I Increasingly spend way too much time awake, as well as way too much time on my own, as a consequence of having good old Parkinson’s and I can spend this time researching a random range of topics!
Anyway, this may get no responses at all, which is fine, but if anybody has any thoughts that they are willing to share, I’d be really interested in knowing them.
I have recently read a few articles about wearable technology and remote monitoring as the future of ‘healthcare’ for people with Parkinson’s. There’s actually a project currently running in Plymouth focusing on moving to this type of support in the near future. The headline states that it is about empowering people with Parkinson’s :-/ (my personal experience of empowerment is that it means cost cutting and DIY - but maybe that’s just me).
Anyway, reading through the information on the project, it seems that in addition to empowerment, a key driver for the development of this type of approach is that the healthcare system is unable (unwilling?) to fund sufficient specialist nurses and neurologists to provide adequate face to face support and can not meet the NICE recommendations with the current staffing levels so remote care and advocating that people affected ’ take control ‘ of their health needs is seen as the way forward .
Now I personally don’t want to be forced to access medical support via a wearable device. Any such device will most definitely be provided by a private company and who knows what their data protection policy will be. I can see that there is a place for such devices in terms of monitoring motor symptoms and tracking certain behaviours (big brother or what!) but I’m not sure how remote monitoring is going to support with non-motor symptoms and I’m old fashioned enough to prefer to talk to somebody face to face - I don’t want to log very sensitive issues such as incontinence or sexual function problems or cognitive decline via an app.
The Plymouth Project, however, seems to have the support of the charity sector who collectively tend to advocate that they are driven by the views of the people they represent. Now I can only speak for myself but in addition to the fact that I definitely do not want to be forced to wear a tracking and monitoring device in order to access Healthcare support, I also doubt that I have the dexterity to use such a device. I’m unlikely to even be able to get it on and off on a bad day never mind about everything else without access to daily, face to face help, and I don’t have this - yup, not only have I been stupid enough to get Parkinson’s Disease, I’m also stupid enough to have acquired it while living on my own :-/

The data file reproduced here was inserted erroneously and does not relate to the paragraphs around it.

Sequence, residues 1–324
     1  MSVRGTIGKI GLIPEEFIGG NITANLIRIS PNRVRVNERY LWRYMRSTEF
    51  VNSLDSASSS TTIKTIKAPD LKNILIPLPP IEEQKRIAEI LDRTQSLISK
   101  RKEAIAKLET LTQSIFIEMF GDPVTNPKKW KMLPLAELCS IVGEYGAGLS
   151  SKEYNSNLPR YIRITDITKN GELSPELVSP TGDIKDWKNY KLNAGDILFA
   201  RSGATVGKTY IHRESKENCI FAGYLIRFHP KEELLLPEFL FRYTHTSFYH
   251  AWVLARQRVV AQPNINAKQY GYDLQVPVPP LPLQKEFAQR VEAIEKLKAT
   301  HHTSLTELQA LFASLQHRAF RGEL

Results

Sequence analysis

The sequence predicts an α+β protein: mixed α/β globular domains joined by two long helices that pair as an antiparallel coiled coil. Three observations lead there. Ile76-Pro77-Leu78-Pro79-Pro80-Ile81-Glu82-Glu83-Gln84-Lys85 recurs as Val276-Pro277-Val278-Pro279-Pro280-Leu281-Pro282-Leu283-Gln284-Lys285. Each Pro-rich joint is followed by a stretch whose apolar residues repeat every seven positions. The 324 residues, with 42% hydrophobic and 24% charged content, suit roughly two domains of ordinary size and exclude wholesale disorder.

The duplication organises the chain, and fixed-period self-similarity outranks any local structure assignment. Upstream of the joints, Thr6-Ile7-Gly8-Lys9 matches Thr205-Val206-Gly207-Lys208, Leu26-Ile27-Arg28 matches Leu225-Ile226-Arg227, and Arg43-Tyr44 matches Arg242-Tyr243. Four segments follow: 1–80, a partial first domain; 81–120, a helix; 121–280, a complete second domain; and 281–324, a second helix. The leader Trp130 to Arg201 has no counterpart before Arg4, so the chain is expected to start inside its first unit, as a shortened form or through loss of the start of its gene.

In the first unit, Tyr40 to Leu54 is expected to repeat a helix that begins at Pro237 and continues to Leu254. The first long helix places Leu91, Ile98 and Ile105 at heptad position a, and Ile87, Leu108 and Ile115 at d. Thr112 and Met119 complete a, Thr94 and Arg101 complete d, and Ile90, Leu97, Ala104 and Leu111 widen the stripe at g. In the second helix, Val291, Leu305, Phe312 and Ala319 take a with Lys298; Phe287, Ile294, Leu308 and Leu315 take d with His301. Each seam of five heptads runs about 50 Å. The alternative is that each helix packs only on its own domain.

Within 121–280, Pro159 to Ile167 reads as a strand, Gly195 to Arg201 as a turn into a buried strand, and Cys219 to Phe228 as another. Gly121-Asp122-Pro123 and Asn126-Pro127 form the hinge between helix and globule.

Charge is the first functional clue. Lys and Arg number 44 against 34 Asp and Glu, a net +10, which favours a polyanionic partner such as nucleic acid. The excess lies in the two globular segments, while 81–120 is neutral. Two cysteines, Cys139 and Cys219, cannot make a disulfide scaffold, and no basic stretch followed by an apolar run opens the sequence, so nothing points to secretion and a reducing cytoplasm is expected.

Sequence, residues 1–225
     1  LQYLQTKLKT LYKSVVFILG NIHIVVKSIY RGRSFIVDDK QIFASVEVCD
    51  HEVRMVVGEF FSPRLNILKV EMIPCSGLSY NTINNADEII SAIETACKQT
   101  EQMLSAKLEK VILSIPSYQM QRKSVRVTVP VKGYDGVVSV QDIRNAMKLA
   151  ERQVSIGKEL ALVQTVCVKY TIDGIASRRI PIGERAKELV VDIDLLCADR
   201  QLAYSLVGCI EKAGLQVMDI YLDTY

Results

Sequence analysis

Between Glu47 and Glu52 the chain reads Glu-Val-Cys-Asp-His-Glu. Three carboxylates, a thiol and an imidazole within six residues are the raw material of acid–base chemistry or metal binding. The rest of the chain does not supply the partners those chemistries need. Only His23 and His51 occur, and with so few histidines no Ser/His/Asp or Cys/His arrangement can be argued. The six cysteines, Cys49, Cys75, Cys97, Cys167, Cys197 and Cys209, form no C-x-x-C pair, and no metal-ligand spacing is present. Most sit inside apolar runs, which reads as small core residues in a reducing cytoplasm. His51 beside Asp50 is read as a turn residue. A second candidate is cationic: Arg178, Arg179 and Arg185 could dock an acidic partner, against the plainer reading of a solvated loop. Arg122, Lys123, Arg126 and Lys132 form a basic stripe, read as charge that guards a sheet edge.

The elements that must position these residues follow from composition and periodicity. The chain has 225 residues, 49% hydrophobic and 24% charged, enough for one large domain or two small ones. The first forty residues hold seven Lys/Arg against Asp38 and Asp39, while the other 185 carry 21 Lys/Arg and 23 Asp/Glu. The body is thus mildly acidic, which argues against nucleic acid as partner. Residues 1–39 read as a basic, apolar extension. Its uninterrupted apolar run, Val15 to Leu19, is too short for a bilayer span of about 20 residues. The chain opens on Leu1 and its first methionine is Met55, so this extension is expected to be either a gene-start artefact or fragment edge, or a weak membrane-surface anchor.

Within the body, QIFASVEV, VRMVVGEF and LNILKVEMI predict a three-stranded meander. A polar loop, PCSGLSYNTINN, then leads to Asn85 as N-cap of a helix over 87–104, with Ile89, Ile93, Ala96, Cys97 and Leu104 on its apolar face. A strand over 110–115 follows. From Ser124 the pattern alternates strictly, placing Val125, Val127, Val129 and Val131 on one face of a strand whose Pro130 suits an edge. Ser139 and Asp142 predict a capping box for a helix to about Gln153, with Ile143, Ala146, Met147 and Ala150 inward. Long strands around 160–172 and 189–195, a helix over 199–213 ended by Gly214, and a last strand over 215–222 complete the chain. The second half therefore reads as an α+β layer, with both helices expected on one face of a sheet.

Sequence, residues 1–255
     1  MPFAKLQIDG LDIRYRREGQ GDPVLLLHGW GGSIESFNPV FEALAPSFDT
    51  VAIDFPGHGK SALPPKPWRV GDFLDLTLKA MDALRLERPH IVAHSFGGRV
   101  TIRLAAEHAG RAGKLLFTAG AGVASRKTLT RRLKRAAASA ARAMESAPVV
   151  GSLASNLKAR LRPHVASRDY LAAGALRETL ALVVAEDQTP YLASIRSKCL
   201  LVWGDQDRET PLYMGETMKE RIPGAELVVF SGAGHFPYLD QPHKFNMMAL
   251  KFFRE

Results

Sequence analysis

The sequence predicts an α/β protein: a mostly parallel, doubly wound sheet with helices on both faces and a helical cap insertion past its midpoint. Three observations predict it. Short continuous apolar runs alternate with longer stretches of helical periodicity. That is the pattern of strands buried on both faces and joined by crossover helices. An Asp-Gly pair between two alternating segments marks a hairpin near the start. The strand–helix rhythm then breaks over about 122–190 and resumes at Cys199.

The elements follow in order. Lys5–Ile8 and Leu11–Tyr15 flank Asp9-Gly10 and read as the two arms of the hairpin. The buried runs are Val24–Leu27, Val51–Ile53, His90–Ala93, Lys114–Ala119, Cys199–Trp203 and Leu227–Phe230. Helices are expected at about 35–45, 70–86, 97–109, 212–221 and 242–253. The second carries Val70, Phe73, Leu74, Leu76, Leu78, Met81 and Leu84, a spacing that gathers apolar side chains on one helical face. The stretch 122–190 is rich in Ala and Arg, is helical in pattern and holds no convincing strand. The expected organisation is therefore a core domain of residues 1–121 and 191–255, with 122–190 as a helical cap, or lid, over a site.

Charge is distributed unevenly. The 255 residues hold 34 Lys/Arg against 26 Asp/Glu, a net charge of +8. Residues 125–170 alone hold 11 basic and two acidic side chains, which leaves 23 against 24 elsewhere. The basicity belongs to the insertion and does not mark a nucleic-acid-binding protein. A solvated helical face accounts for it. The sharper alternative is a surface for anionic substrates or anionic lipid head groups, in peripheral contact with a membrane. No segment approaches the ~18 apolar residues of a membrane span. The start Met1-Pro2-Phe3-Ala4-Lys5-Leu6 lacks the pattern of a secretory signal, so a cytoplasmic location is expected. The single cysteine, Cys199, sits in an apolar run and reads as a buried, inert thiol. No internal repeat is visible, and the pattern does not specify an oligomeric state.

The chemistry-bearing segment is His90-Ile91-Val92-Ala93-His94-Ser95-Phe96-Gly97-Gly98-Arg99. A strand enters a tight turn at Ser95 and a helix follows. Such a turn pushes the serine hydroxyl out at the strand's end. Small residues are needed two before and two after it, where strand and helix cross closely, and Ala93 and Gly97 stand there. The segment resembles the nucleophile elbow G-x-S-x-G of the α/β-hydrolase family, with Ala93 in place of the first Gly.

I am, however, generally grumpy and I worry about my personal and potentially identifiable data being sold as a commodity without my permission. There are suggestions that patient data could raise significant money for the NHS and maybe this is justifiable if sufficient safety nets can be put in place, but I’m not sure; there are some interesting articles discussing this: Forbes: Could the NHS sell its data for 12 billion?
The Guardian - NHS data worth billions
I have to wonder if the wearing of such devices is going to be mandatory in order for certain groups of people to access healthcare and I wonder about the enforceability and ethics of this, but maybe it’s not such a bad thing? I guess I’m curious to know what other people with Parkinson’s think?